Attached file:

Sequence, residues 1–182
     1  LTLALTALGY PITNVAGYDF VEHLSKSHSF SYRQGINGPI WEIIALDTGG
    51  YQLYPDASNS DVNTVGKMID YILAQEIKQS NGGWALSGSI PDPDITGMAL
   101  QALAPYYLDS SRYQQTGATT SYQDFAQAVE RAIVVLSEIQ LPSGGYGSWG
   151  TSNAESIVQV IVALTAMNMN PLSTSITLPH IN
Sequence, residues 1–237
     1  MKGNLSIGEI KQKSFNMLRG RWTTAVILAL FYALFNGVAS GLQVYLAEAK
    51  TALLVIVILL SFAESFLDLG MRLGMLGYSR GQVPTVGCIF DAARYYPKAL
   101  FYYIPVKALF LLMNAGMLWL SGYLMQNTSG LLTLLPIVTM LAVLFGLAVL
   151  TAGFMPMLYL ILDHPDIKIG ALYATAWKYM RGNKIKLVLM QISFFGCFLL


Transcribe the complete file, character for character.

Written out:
Sequence, residues 1–182
     1  LTLALTALGY PITNVAGYDF VEHLSKSHSF SYRQGINGPI WEIIALDTGG
    51  YQLYPDASNS DVNTVGKMID YILAQEIKQS NGGWALSGSI PDPDITGMAL
   101  QALAPYYLDS SRYQQTGATT SYQDFAQAVE RAIVVLSEIQ LPSGGYGSWG
   151  TSNAESIVQV IVALTAMNMN PLSTSITLPH IN
Sequence, residues 1–237
     1  MKGNLSIGEI KQKSFNMLRG RWTTAVILAL FYALFNGVAS GLQVYLAEAK
    51  TALLVIVILL SFAESFLDLG MRLGMLGYSR GQVPTVGCIF DAARYYPKAL
   101  FYYIPVKALF LLMNAGMLWL SGYLMQNTSG LLTLLPIVTM LAVLFGLAVL
   151  TAGFMPMLYL ILDHPDIKIG ALYATAWKYM RGNKIKLVLM QISFFGCFLL